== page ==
Guernsey Literary and Potato Peel Pie Society, The

Mary Ann Shaffer, Annie Barrows
January 1946: writer Juliet Ashton receives a letter from a stranger, a founding member of the Guernsey Literary and Potato Peel Pie Society. And so begins a remarkable tale of the island of Guernsey during the German occupation, and of a society as extraordinary as its name.


Reviewed: 2017-08-29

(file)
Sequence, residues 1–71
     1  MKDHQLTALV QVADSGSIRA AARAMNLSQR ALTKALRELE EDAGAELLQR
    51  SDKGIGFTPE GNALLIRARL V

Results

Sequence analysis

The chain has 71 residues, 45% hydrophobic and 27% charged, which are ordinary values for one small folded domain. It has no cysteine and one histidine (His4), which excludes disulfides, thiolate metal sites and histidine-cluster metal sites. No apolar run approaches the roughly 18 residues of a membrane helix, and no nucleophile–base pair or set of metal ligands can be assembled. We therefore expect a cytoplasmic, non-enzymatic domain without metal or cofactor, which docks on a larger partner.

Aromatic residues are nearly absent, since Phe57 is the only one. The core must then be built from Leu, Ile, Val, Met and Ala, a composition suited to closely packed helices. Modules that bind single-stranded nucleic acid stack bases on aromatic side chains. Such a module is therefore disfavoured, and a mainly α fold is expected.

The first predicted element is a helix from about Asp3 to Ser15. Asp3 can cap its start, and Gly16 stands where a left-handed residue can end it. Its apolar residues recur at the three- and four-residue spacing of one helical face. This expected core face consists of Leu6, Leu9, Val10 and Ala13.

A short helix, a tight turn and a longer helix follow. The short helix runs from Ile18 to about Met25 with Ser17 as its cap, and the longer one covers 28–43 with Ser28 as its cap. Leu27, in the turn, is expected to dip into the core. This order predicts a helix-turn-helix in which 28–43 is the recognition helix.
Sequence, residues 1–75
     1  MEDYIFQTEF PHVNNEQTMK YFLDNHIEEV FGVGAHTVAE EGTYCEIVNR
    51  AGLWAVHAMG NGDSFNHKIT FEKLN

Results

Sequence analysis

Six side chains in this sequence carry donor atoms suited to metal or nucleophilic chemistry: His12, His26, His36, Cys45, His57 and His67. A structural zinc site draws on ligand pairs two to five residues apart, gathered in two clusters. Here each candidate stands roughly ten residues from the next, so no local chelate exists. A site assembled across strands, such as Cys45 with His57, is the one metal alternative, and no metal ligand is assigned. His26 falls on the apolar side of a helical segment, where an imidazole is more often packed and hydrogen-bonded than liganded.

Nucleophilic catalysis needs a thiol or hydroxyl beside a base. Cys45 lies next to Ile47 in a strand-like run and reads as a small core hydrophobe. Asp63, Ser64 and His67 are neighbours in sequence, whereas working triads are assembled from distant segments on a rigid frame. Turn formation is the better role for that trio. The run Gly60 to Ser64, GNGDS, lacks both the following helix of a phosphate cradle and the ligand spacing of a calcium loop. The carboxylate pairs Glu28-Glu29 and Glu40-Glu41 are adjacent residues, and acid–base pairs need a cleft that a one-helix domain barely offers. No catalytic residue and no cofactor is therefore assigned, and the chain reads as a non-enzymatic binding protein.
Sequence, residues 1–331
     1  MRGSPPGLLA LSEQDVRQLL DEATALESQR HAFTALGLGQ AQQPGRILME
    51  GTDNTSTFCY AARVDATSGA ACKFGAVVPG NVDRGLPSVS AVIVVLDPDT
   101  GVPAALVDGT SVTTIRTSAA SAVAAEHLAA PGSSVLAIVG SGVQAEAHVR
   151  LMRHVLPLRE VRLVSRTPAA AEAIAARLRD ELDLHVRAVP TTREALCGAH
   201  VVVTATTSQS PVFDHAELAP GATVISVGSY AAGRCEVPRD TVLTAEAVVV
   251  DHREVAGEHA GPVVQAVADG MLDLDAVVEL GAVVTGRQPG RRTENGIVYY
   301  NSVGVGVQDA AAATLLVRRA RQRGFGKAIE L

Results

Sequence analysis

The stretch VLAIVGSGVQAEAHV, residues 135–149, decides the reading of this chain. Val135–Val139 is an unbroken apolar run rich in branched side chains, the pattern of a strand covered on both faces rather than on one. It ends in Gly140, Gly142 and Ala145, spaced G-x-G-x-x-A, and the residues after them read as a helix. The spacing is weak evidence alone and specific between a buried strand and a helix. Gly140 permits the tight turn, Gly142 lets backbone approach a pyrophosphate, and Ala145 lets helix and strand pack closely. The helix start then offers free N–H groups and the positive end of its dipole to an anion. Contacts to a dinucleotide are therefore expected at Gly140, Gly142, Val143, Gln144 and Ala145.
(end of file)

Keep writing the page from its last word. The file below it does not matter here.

Book Description #1 NEW YORK TIMES BESTSELLER "I wonder how the book got to Guernsey? Perhaps there is some sort of secret homing instinct in books that brings them to their perfect readers." January 1946: London is emerging from the shadow of the Second World War, and writer Juliet Ashton is looking for her next book subject. Who could imagine that she would find it in a letter from a man she's never met, a native of the island of Guernsey, who has come across her name written inside a book by Charles Lamb.... As Juliet and her new correspondent exchange letters, Juliet is drawn into the world of this man and his friends--and what a wonderfully eccentric world it is. The Guernsey Literary and Potato Peel Pie Society--born as a spur-of-the-moment alibi when its members were discovered breaking curfew by the Germans occupying their island--boasts a charming, funny, deeply human cast of characters, from pig farmers to phrenologists, literature lovers all. Juliet begins a remarkable correspondence with the society's members, learning about their island, their taste in books, and the impact the recent German occupation has had on their lives. Captivated by their stories, she sets sail for Guernsey, and what she finds will change her forever. Written with warmth and humor as a series of letters, this novel is a celebration of the written word in all its guises, and of finding connection in the most surprising ways. From the Hardcover edition. Editorial Reviews From Publishers Weekly The letters comprising this small charming novel begin in 1946, when single, 30-something author Juliet Ashton (nom de plume Izzy Bickerstaff) writes to her publisher to say she is tired of covering the sunny side of war and its aftermath. When Guernsey farmer Dawsey Adams finds Juliet's name in a used book and invites articulate--and not-so-articulate--neighbors to write Juliet with their stories, the book's epistolary circle widens, putting Juliet back in the path of war stories. The occasionally contrived letters jump from incident to incident--including the formation of the Guernsey Literary and Potato Peel Pie Society while Guernsey was under German occupation--and person to person in a manner that feels disjointed. But Juliet's quips are so clever, the Guernsey inhabitants so enchanting and the small acts of heroism so vivid and moving that one forgives the authors (Shaffer died earlier this year) for not being able to settle on a single person or plot. Juliet finds in the letters not just inspiration for her next work, but also for her life--as will readers. (Aug.) Copyright ® Reed Business Information, a division of Reed Elsevier Inc. All rights reserved. --This text refers to the Hardcover edition. From Bookmarks Magazine "Traditional without seeming stale, and romantic without being naïve" (San Francisco Chronicle), this epistolary novel, based on Mary Ann Shaffer's painstaking, lifelong research, is a homage to booklovers and a nostalgic portrayal of an era. As her quirky, loveable characters cite the works of Shakespeare, Austen, and the Brontës, Shaffer subtly weaves those writers' themes into her own narrative. However, it is the tragic stories of life under Nazi occupation that animate the novel and give it its urgency; furthermore, the novel explores the darker side of human nature without becoming maudlin. The Rocky Mountain News criticized the novel's lighthearted tone and characterizations, but most critics agreed that, with its humor and optimism, Guernsey "affirms the power of books to nourish people during hard times" (Washington Post). Copyright 2008 Bookmarks Publishing LLC --This text refers to the Hardcover edition.